How Not To Look Old

May 3, 2009 · 2 comments

I’m just going to have to get the ugly facts on the table right up front.

I have bought and read the book How Not To Look Old.

I love it.

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I’ve learned tons. I have been through both my shoe and clothing closets with a gritty determination I normally reserve for removing burnt-on lasagna from a favorite casserole dish. (It happens, on occasion.) I’ve dumped dark lipsticks I had worn just the week before. I had Jafar cut in bangs. I’ve bought more new face goop than I have ever owned before so I can look like I still don’t need it.

I liked the straight up, “Girls, we’re gonna call a wrinkle a wrinkle” writing. She knows that women want to buy a little tub of reasonably priced pink froth, pat it on their face, and look better, thinner, AND younger.

“Diet and exercise are essential to staying healthy over the long haul. There isn’t a woman alive who doesn’t already know that. Eating salmon and doing yoga are good things for sure, but they won’t give instant results. Other anti-aging books tell you to run a bath, light a candle, chant and practice acceptance. Not this one. We want real, visible, results.” Speaking on behalf of all over-the-long-haulers of a certain age, I say, “Sign us up!”

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You’ll note the shift to the plural pronoun there. I decided it was such a great asset that I would give copies to all my long-haulish friends. And that’s when it got tricky. How do you give women in the salmon/yoga/candle/acceptance stage of life a book with the title How Not To Look Old staring them right in the face? Trust me, it’s not as easy as it looks.

But I love my friends, so I decided to brave the possibility of offense. Having given away at least 12 copies so far, I’d like to share what I’ve learned.

1. Order drinks. Make sure at least half a Cosmo is down the hatch before before handing it over.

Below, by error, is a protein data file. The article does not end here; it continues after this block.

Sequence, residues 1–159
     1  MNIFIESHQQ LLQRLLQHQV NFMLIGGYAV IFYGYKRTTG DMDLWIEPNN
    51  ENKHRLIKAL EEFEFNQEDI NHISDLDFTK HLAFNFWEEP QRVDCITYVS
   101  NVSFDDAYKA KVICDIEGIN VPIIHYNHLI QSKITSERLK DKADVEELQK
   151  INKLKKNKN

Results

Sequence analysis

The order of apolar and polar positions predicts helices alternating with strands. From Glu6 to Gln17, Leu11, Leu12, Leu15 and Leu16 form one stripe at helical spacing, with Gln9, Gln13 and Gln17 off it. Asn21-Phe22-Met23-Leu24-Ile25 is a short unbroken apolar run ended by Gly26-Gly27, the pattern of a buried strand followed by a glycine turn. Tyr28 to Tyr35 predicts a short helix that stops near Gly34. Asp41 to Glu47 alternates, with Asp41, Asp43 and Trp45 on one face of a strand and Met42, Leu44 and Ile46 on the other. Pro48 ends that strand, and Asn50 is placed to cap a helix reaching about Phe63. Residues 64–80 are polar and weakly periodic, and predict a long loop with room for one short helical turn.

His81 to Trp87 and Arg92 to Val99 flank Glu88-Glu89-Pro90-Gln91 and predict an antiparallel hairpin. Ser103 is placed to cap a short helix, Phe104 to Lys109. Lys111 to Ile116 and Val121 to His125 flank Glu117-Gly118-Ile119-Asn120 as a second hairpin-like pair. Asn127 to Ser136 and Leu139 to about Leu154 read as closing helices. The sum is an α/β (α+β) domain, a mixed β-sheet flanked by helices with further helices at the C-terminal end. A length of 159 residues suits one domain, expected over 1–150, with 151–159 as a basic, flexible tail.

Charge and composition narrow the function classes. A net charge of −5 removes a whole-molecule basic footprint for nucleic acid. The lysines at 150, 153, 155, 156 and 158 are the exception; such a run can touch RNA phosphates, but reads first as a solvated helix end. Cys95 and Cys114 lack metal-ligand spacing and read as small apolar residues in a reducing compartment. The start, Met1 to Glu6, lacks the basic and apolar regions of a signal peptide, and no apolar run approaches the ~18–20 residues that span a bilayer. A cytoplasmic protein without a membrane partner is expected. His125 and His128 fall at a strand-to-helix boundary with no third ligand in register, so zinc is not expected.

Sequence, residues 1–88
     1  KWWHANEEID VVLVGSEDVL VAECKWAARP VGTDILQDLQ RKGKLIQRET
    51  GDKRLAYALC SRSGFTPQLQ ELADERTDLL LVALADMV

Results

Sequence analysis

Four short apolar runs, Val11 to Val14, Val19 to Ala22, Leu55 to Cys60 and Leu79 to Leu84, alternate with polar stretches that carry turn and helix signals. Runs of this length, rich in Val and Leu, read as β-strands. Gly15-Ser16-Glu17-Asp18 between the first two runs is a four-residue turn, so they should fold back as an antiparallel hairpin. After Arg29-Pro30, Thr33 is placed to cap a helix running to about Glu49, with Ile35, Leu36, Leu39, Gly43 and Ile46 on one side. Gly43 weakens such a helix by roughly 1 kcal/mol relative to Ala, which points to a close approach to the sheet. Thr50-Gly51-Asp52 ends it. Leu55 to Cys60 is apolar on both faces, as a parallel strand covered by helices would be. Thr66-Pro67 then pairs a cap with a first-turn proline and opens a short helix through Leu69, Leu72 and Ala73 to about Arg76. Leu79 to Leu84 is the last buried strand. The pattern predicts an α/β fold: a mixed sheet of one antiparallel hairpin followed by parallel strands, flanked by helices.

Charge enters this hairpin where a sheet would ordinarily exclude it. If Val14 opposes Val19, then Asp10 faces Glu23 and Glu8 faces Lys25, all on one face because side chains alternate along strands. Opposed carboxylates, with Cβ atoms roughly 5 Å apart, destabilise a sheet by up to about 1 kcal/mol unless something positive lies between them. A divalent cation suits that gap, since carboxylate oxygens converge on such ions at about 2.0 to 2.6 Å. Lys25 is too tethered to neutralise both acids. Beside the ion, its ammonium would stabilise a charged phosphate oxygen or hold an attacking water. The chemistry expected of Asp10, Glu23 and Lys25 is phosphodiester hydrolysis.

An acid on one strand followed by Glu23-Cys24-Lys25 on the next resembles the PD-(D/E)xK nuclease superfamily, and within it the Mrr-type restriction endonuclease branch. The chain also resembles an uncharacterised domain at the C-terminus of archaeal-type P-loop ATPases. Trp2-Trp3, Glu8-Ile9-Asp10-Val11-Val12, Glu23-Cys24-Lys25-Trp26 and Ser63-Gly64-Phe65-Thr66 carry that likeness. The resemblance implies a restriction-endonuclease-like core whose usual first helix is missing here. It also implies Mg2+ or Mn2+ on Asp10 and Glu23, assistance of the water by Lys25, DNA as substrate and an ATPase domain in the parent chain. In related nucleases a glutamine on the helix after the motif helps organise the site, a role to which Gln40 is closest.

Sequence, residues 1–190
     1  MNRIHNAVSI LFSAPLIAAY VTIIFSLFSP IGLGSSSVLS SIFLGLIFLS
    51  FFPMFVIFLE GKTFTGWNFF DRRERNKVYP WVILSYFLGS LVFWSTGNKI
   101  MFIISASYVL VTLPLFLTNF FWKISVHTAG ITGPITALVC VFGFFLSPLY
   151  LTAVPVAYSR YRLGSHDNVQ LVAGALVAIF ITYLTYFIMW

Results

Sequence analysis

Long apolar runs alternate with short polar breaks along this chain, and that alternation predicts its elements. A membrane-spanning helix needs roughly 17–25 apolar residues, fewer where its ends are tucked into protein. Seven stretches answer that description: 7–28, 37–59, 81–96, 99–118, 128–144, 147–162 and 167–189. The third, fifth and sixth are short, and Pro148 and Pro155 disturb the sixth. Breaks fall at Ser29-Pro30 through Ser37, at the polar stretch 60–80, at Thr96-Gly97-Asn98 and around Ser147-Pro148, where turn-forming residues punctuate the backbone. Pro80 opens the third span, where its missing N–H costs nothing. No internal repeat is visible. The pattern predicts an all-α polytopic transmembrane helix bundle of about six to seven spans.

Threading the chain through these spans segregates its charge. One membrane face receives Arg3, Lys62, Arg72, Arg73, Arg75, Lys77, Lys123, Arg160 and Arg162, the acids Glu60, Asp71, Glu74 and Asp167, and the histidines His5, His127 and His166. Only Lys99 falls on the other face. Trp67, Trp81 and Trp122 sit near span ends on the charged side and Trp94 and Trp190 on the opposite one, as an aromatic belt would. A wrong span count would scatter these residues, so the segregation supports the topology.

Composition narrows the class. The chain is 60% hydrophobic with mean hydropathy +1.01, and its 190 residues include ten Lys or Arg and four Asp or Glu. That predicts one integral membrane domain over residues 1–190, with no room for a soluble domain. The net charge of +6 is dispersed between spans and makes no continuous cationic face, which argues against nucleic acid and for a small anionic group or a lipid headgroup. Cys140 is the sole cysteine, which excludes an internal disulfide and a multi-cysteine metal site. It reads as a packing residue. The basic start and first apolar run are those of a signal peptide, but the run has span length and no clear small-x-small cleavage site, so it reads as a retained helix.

2. Wrap it. The gentle alcohol buzz, coupled with the pleasure of tugging on bows and peeling back tape, will still be fresh by the time the implication of the title sinks in.

3. Avoid saying things like, “This is for you! It’s great. Hope you enjoy it.” All true statements, but coupled with the title, you may find yourself sitting alone at a table with two half-consumed Cosmos, a huge plate of nachos, and the bill. It’s much better to consider something like, “You don’t need what I’m about to give you. However, you have given me so much great advice over the years, I know you’ll have other friends you’ll want to loan this to. Think of this as a gift for your library.”

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4. Finally, immediately flip to the chapter on how to buy great jeans. Highlight the section on how to recognize “mommy jeans” in your own closet, and kill them. Point out you can learn how to choose the right shoes for your perfect jeans, what kind of pockets and how high up, etc. Most importantly, have a sticky note on the “Brilliant Buys” pages that give specifics on where to buy all the brands mentioned at a wide range of prices. Then slide quickly to, “And look! It’s the same thing for the chapters on glasses, hair, make-up, underwear….”

How not to look old in your underwear?

By the time you take a breath, she’s ordered two fresh Cosmos and is canceling her evening appointments. She’s got some reading to do. And, she’s still your friend.

I write this today because the book is coming out in paperback in just a week or so. You will buy this book (if I haven’t bought it for you already). And then you’ll want to share it with your friends. And now you know how it’s done.

Update: October 27, 2014

Still no equivalent book and set of lessons for men (are we surprised, shocked, and appalled?) but a steady flow of good reads on the topic for women:

How to Look Expensive: A Beauty Editor’s Secrets to Getting Gorgeous without Breaking the Bank

The Wardrobe Wakeup: Your Guide to Looking Fabulous at Any Age

How to Never Look Fat Again: Over 1,000 Ways to Dress Thinner–Without Dieting!

{ 2 comments… read them below or add one }

Anonymous May 9, 2009 at 11:12 am

Is there an equivalent book and set of lessons for men?


rickandkathy May 10, 2009 at 8:17 am

Beyond “don’t wear a hat when driving” and “avoid hitching your belt directly under your nipples,” I am sad to say I think you’re on your own. So far… Where there’s a demographic, there’s a book. Hang in there.


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